Safety: The City may impose legitimate safety requirements necessary for the safe operation of its services, programs, and activities. Safety requirements must be based on real risks, not on speculation, stereotypes, or generalizations about people with disabilities.
Surcharges: Although providing accommodations may result in some additional cost, the City may not place a surcharge only on particular individuals with disabilities to cover expenses. For example, there can be no extra program charge to a deaf person for interpreter services, or to groups of people with disabilities, but fees may be increased for all participants to cover the cost of those accommodations.
Personal services and devices: The City is not required to provide people with disabilities with personal or individually prescribed devices (wheelchairs, hearing aids or communication devices) or to provide services of a personal nature (such as assistance in eating, toileting or dressing) unless providing such services are part of the services offered by the program.
Maintenance of accessible features: The County must ensure that equipment and accessibility features of facilities are in good working order and accessible to individuals with disabilities. Isolated or temporary interruptions in access due to maintenance and repair of accessible features are acceptable.
What are the requirements for facility access?
San Francisco must ensure that all of its programs, activities, and services are accessible to individuals with disabilities. One key aspect of that is facilities access.
New Construction: Any facility or part of a facility that is constructed by a state or local government entity must be constructed in strict compliance with applicable federal and state building accessibility codes and regulations, so that it is readily accessible to and usable by people with disabilities.
Alteration and Renovation of Existing Construction: In accordance with all applicable accessibility codes, when alterations affect the usability of a facility, the altered portion (as well as the path of travel, toilets, drinking fountains, and public phones) must be made accessible to people with disabilities.
Overall Program Access: The City is not necessarily required to make every pre-ADA facility fully compliant with current accessibility codes. However, all City and County services, programs, or activities must be accessible to and usable by people with disabilities when viewed in their entirety. This is called “overall program access.” For example, not all pre-ADA swimming facilities must be accessible, but there must be an alternate and proximate swimming facility that is accessible.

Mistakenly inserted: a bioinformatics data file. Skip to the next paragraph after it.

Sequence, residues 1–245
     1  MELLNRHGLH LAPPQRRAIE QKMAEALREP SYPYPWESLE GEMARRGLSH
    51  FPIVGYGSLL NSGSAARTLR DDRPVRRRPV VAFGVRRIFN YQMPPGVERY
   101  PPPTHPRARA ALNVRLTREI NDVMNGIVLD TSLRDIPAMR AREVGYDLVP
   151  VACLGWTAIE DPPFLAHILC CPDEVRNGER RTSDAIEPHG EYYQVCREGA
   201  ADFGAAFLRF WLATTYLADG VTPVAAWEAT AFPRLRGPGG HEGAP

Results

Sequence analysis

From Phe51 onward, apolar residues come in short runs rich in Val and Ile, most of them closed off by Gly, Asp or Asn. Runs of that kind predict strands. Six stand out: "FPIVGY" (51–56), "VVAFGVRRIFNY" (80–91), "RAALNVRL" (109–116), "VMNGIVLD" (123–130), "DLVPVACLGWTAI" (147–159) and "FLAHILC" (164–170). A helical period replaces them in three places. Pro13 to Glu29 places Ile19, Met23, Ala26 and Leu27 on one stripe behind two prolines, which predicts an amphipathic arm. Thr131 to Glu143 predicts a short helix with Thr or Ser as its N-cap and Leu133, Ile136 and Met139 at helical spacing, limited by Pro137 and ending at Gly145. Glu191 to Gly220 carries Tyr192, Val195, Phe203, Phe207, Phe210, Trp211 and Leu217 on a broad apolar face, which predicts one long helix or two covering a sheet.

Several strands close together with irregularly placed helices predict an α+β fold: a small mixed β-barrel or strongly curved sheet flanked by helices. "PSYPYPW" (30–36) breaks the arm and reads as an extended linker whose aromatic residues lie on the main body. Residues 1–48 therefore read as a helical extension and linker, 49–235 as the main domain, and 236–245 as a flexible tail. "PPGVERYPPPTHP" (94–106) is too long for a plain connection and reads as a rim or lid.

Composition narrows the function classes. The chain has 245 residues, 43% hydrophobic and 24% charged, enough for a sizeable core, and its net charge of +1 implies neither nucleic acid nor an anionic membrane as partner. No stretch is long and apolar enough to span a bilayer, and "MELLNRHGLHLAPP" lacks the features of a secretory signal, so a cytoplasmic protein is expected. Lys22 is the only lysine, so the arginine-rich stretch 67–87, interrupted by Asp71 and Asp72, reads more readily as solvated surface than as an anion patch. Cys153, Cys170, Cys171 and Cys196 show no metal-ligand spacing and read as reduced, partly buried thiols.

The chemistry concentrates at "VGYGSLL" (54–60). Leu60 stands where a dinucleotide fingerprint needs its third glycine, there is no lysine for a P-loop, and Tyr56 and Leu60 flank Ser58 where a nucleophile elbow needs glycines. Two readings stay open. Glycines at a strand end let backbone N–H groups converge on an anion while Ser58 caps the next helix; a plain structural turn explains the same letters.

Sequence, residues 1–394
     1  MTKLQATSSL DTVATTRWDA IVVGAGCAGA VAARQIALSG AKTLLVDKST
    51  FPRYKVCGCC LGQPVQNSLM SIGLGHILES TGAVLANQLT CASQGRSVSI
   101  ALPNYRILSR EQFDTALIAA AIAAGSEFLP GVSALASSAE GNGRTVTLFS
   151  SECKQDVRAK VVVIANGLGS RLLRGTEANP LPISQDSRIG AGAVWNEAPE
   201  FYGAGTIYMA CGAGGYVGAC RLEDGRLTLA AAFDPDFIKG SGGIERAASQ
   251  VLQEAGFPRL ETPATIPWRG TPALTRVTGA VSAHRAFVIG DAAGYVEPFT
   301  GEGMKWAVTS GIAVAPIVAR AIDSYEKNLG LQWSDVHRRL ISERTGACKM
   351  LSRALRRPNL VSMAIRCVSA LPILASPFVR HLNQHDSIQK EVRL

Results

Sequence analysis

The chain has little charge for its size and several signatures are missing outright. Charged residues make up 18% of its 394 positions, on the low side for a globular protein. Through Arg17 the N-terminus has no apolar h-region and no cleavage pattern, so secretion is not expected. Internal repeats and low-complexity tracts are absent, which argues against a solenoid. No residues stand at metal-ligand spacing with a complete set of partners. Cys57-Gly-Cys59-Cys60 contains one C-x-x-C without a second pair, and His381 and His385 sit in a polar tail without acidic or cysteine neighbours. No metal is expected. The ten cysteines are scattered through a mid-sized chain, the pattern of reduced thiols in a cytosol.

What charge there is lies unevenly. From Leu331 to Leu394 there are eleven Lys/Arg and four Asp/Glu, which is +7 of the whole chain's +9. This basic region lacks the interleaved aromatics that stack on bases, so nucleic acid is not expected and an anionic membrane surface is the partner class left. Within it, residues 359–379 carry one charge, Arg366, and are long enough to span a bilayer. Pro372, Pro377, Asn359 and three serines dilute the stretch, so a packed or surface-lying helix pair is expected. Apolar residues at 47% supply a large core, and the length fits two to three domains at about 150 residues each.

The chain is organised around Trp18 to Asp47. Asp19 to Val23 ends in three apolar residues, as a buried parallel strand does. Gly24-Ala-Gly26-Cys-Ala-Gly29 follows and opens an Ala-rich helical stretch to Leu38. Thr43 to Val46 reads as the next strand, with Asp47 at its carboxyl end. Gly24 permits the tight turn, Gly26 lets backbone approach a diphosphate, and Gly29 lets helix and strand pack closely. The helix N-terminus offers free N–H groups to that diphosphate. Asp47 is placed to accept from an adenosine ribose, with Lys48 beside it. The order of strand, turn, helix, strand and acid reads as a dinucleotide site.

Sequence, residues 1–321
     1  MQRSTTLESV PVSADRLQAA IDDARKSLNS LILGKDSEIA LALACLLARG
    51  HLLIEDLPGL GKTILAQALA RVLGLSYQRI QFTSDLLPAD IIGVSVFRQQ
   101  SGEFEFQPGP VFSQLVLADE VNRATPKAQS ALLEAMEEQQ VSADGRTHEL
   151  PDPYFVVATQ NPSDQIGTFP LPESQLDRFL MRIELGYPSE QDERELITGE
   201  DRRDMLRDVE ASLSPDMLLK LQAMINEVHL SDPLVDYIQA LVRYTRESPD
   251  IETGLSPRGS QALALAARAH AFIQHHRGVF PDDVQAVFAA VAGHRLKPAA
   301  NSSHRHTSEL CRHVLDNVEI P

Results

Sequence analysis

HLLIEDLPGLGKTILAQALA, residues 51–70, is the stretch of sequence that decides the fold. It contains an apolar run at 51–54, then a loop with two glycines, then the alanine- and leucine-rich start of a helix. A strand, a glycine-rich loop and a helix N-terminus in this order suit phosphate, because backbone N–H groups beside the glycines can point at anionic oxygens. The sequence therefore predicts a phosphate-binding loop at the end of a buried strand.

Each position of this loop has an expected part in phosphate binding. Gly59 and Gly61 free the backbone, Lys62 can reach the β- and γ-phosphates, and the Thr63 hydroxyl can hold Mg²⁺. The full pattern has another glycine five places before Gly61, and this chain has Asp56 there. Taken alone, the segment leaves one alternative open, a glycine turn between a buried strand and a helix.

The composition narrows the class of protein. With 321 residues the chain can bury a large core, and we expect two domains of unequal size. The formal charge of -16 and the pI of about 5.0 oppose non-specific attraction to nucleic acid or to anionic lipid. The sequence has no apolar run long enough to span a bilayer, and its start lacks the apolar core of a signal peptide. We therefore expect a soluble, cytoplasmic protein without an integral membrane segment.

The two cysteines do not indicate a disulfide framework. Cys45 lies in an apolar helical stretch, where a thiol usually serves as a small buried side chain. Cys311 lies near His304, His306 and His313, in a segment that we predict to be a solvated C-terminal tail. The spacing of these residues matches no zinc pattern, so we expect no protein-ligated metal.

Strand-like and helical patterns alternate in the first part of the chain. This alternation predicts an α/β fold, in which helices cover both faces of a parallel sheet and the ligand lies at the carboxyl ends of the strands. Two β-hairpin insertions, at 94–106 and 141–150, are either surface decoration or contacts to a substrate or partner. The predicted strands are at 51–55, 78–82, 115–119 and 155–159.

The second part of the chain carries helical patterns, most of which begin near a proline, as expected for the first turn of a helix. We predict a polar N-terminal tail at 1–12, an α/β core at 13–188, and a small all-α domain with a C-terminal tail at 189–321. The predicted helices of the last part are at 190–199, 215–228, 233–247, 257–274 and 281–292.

Overall program accessibility can be achieved a number of ways. Structural options include altering existing facilities or constructing new ones. Nonstructural options include:
- Acquisition or redesign of equipment
- Assignment of aides to assist individuals with disabilities
- Provision of services at alternate accessible sites
- The City must give priority to the option that results in the most integrated setting appropriate to encourage interaction among all users, including those with disabilities.
What are the administrative requirements?
San Francisco City and County ADA Coordinators
Under Title II of the ADA, all public entities must designate a person or persons whose job it is to mediate complaints and to ensure compliance with the ADA and other disability rights laws. San Francisco City and County has designated the Mayor's Office on Disability (MOD) as the ADA Coordinator for City and County programs that serve the public. MOD oversees the ADA Coordinators in the various City and County departments; advises the public about the ADA and City and County’s compliance obligations; and coordinates the investigation of grievances filed by the public alleging discrimination in City and County programs, services, or activities. The Department of Human Resources is responsible for overseeing ADA Compliance for all City employment and employee issues.